Cavaliers: Bust alert, bust alert: I do not see Mo Williams matching his Bucks stats in Cleveland. Blame LeBron. He has the ball in his hands way too much, and a lot more than Michael Redd did. Mo can be this team's No. 2 scorer when it needs it, but 17 and 6 isn't happening. He'll look more like Mike Bibby, and neither will deliver for fantasy owners. Instead, I saw Williams moving up draft lists. Look, I watched all those years with Allen Iverson, and people being brought in to score 20 with him, and it never worked out. The Answer's best partner in crime was actually Dikembe Mutombo, a guy who didn't demand shots. Mo will need shots to get his 17. Figure on 14. Also, give it two weeks, people will start adding Delonte West.
Rockets: No, it's not disdain that I feel for this team, but I know I wanted no part of Yao Ming, Tracy McGrady or Ron Artest in drafts. Too many risks; too much can go wrong. And after I took Rafer Alston late in one league, and did the math on prospective field goal percentage, I decided I would have been better off forfeiting the pick. I did keep drafting Luis Scola, though, disregarding his missed opportunity from last season.
76ers: I have no concerns about Elton Brand going 20, 10 and 2. Nor do I think Andre Iguodala will have issues as the No. 2 scorer. He's better that way, and when he piles on the boards, assists and steals, you'll be happy you took him in Round 2. I did, however, go out of my way to avoid Samuel Dalembert, and to a degree, point guard Andre Miller. I do think Sammy will block some shots and Miller will get close to six assists per game, but these guys won't score. Plus, it's really starting to look like Marreese Speights and Louis Williams will see more time than we think. Speights, incidentally, can really block a shot when focused. And everyone seemed to overdraft Thaddeus Young; the guy can leap, but don't expect more than 12 and 6.
Jazz: This seems like a good team to go and steal one-dimensional fantasy guys, at least after Deron Williams and Carlos Boozer. Andrei Kirilenko will block the shots, justifying his top-100 selection in most leagues, but he's not going to score. Ronnie Brewer gets steals, Kyle Korver hits the long ball, Paul Millsap grabs some boards and apparently, if Williams misses time, Brevin Knight will get assists. All these guys might be on your waiver wire, but it won't take long for a team to grab them when they spot the relevant need in three weeks. By the way, Mehmet Okur was so underrated in fantasy a month ago, he ended up overrated. Like owning a point guard who doesn't get assists (Jason Terry, for example), I think it's tough to start a center who doesn't block shots.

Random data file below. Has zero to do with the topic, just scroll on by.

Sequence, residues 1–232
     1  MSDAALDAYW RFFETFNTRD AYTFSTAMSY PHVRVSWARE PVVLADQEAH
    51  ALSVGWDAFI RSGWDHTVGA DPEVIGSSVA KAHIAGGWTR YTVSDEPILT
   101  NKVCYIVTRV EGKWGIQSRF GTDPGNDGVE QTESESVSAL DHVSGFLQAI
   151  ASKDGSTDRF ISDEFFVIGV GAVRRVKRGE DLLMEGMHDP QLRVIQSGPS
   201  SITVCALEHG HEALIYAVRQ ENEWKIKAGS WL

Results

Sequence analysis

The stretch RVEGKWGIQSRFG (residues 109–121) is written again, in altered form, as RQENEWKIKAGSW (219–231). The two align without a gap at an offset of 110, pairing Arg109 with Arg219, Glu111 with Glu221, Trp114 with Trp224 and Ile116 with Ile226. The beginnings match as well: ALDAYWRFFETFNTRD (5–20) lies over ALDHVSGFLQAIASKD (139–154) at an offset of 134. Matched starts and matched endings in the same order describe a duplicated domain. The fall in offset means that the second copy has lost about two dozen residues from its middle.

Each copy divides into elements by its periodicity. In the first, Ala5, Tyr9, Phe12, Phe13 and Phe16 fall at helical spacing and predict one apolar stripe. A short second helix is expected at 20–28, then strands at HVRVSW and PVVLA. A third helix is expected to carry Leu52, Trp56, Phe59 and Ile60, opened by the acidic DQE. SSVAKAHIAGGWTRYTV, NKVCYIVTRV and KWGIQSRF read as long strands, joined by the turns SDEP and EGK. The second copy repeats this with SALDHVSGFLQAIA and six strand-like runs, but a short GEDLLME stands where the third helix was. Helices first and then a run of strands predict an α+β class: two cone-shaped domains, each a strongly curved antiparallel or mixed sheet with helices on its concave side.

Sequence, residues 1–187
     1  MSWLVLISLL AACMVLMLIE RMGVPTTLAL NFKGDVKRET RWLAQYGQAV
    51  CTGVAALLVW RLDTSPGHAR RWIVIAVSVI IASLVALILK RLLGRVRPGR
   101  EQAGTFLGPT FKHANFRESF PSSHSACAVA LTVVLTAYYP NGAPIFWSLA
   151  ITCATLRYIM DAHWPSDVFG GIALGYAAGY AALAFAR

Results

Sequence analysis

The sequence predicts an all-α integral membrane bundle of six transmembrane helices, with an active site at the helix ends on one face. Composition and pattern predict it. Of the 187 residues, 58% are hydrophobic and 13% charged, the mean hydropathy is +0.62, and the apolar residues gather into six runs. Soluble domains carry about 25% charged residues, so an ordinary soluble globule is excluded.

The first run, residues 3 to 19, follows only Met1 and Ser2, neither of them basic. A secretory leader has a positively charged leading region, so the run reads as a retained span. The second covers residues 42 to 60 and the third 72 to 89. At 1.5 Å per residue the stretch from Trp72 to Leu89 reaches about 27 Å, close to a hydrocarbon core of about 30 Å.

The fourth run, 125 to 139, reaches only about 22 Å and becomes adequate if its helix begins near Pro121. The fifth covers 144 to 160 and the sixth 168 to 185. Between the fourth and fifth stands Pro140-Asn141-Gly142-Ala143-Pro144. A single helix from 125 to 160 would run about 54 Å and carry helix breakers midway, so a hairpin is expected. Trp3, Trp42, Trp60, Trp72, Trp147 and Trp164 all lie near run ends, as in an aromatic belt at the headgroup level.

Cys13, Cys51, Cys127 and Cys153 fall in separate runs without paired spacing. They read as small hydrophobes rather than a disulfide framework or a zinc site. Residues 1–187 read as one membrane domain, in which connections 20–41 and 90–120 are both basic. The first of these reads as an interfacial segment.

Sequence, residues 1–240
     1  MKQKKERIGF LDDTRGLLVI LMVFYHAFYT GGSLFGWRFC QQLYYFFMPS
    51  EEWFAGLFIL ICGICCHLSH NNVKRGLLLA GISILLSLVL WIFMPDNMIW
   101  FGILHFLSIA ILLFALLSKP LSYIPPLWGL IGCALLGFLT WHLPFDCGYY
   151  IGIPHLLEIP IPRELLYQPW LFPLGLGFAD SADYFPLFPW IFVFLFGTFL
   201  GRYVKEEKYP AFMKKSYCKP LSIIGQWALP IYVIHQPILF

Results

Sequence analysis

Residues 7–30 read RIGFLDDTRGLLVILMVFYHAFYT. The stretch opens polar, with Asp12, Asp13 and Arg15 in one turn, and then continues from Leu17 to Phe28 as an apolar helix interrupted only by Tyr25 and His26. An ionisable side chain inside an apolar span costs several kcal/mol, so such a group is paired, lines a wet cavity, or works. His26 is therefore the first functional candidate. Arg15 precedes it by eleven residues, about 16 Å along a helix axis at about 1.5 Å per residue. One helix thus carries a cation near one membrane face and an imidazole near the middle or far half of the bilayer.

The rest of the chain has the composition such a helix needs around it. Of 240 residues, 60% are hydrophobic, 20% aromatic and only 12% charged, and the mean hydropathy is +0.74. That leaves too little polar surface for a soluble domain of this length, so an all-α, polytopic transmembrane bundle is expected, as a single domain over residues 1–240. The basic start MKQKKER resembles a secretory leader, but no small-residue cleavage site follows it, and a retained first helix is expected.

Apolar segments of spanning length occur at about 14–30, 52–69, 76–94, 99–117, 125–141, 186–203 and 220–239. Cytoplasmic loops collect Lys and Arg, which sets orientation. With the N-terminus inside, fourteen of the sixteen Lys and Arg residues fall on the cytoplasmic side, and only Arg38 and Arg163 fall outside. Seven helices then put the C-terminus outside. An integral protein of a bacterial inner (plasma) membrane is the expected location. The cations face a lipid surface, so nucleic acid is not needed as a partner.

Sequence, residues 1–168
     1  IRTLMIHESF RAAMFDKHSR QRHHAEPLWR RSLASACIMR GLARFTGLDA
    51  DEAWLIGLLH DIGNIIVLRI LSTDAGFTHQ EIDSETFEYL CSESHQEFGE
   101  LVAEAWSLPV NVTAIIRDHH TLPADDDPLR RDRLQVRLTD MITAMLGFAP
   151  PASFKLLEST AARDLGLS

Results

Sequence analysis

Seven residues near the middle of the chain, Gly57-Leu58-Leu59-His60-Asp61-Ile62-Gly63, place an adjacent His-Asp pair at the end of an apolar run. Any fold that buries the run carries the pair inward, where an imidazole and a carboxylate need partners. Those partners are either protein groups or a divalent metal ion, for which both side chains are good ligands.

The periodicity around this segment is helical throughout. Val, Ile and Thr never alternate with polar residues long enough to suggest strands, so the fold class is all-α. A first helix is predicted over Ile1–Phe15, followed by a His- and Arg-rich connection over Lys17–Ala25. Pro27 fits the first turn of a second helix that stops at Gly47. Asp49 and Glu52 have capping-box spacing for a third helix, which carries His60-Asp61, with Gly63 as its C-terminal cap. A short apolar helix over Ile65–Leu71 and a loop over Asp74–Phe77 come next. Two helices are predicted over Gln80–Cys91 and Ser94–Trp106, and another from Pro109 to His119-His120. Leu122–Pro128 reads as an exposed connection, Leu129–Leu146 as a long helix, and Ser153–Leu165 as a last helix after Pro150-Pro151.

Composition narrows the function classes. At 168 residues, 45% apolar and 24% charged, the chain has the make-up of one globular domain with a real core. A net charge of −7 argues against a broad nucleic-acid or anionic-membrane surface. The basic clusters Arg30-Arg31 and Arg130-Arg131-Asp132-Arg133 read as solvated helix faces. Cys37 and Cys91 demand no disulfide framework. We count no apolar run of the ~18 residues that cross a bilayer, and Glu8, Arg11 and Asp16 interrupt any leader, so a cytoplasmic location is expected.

Mavericks: I didn't draft Jason Kidd anywhere, of this I am sure. I had a chance in my 30-team league. That's right, I said 30 teams. Let's just say if you pick first, you can watch the final episode of "M*A*S*H" before selecting again. Anyway, I ended up with the last pick. It was an e-mail draft, and I literally didn't pick until the fourth day of the draft. I could have taken Kidd, but in that deep a league, can you really afford to have any one of your top players not scoring at least in the high teens? I took Chauncey Billups with one pick, and Pau Gasol with the other. Hey, you try getting a starting center after 100 picks are gone. Anyway, I don't think I appreciate Kidd for what he does, because the bad is too glaring. He's not a good shooter, or scorer, and unless you've got a Kobe or LeBron scoring a ton, or a Boozer type to balance the field goal percentage, I don't want him. Ironically, later in that 30-team draft, at picks 60 and 61, I took his backcourt mate Jason Terry. Before you draft Terry, as I alluded to above, be aware that he doesn't get assists. Dirk Nowitzki averaged more per game. We drafted 360 players in the 30-team league, and it's fun. I'd much rather have to study Brandon Bass as a potential flex option than have a team of All-Stars.
Eric Karabell is a senior writer for ESPN.com who covers fantasy baseball, football and basketball. He has twice been honored as fantasy sports writer of the year by the Fantasy Sports Writers Association. His new book, "The Best Philadelphia Sports Arguments," was published by Source Books and is available in bookstores. Contact Eric by e-mailing him here.